Yet, though Christina was so negligent of her appearance, there was something in her air and manner that proclaimed her as the ruler of a kingdom. Her eyes, it is said, had a very fierce and haughty look. Old General Wrangel, who had often caused the enemies of Sweden to tremble in battle, actually trembled himself, when he encountered the eyes of the queen. But it would have been better for Christina if she could have made people love her, by means of soft and gentle looks, instead of affrighting them by such terrible glances.

And now I have told you almost all that is amusing or instructive, in the childhood of Christina. Only a few more words need be said about her; for it is neither pleasant nor profitable to think of many things that she did, after she grew to be a woman.

When she had worn the crown a few years, she began to consider it beneath her dignity to be called a queen, because the name implied that she belonged to the weaker sex. She therefore caused herself to be proclaimed KING, thus declaring to the world that she despised her own sex, and was desirous of being ranked among men. But in the twenty-eighth year of her age, Christina grew tired of royalty, and resolved to be neither a king nor a queen any longer. She took the crown from her head, with her own hands, and ceased to be the ruler of Sweden. The people did not greatly regret her abdication; for she had governed them ill, and had taken much of their property to supply her extravagance.

Having thus given up her hereditary crown, Christina left Sweden and travelled over many of the countries of Europe. Everywhere, she was received with great ceremony, because she was the daughter of the renowned Gustavus, and had herself been a powerful queen. Perhaps you would like to know something about her personal appearance, in the latter part of her life. She is described as wearing a man's vest, a short gray petticoat, embroidered with gold and silver, and a black wig, which was thrust awry upon her head. She wore no gloves, and so seldom washed her hands that nobody could tell what had been their original color. In this strange dress, and, I suppose, without washing her hands or face, she visited the magnificent court of Louis the Fourteenth.

She died in 1689. None loved her while she lived, nor regretted her death, nor planted a single flower upon her grave. Happy are the little girls of America, who are brought up quietly and tenderly, at the domestic hearth, and thus become gentle and delicate women! May none of them ever lose the loveliness of their sex, by receiving such an education as that of Queen Christina!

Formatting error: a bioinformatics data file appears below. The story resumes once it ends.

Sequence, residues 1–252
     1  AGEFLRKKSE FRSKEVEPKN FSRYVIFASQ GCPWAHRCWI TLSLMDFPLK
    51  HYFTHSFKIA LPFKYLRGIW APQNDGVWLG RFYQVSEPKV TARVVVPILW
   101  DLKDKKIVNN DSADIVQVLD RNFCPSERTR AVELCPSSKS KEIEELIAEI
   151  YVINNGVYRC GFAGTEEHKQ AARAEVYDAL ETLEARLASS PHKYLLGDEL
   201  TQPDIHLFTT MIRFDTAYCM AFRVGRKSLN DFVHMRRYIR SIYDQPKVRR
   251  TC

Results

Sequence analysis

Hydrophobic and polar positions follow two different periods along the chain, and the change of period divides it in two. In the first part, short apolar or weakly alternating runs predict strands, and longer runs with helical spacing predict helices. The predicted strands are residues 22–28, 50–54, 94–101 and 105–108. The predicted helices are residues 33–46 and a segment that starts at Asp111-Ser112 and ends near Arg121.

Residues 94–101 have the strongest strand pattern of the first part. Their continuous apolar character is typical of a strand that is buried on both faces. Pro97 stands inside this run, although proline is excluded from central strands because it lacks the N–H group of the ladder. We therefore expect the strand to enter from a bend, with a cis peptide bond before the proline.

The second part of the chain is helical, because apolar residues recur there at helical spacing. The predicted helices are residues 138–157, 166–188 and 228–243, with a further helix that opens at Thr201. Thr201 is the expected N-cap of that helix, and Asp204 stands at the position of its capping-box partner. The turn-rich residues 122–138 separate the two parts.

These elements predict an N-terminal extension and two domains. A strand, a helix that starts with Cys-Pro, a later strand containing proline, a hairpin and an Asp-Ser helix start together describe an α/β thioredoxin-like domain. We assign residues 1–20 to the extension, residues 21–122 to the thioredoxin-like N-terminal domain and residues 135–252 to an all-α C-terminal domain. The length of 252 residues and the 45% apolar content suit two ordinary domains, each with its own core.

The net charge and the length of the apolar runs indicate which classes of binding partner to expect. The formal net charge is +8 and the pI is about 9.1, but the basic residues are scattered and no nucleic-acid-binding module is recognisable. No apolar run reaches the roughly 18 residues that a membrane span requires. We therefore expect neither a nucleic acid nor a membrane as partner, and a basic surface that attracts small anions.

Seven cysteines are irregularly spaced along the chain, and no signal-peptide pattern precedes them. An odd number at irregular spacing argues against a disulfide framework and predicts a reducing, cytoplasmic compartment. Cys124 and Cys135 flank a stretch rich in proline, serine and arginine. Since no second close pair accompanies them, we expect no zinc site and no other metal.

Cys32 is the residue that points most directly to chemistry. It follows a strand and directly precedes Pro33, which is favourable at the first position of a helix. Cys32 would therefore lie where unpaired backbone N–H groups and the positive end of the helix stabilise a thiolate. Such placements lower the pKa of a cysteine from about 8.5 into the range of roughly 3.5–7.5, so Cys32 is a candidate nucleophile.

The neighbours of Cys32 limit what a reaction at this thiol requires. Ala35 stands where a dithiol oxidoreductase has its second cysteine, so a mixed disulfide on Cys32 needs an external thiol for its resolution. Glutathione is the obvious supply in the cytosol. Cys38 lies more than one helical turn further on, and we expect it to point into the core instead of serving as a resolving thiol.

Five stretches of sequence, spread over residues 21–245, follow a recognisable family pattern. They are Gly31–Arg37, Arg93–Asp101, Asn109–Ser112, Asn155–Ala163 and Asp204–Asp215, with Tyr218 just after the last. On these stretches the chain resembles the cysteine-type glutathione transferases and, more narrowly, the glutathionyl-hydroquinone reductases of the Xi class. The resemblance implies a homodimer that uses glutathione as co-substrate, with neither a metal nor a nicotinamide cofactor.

Emily, timid, quiet, and sensitive, was the very reverse of little Christina. She seemed shocked at the idea of such a bold and masculine character as has been described in the foregoing story.

"I never could have loved her," whispered she to Mrs. Temple; and then she added, with that love of personal neatness, which generally accompanies purity of heart:-"It troubles me to think of her unclean hands!"

"Christina was a sad specimen of womankind, indeed," said Mrs. Temple. "But it is very possible for a woman to have a strong mind, and to be fitted for the active business of life, without losing any of her natural delicacy. Perhaps, some time or other, Mr. Temple will tell you a story of such a woman."

It was now time for Edward to be left to repose. His brother George shook him heartily by the hand, and hoped, as he had hoped twenty times before, that to-morrow or the next day, Ned's eyes would be strong enough to look the sun right in the face.

"Thank you, George," replied Edward, smiling; "but I am not half so impatient as at first. If my bodily eyesight were as good as yours, perhaps I could not see things so distinctly with my mind's eye. But now there is a light within which shows me the little Quaker artist, Ben West, and Isaac Newton with his windmill, and stubborn Sam Johnson, and stout Noll Cromwell, and shrewd Ben Franklin, and little Queen Christina with the Swedes kneeling at her feet. It seems as if I really saw these personages face to face. So I can bear the darkness outside of me pretty well."

When Edward ceased speaking, Emily put up her mouth and kissed him as her farewell for the night.

"Ah, I forgot!" said Edward, with a sigh. "I cannot see any of your faces. What would it signify to see all the famous people in the world, if I must be blind to the faces that I love?"

"You must try to see us with your heart, my dear child," said his mother.

Edward went to bed, somewhat dispirited, but quickly falling asleep, was visited with such a pleasant dream of the sunshine and of his dearest friends that he felt the happier for it all the next day. And we hope to find him still happy when we meet again.

THE END.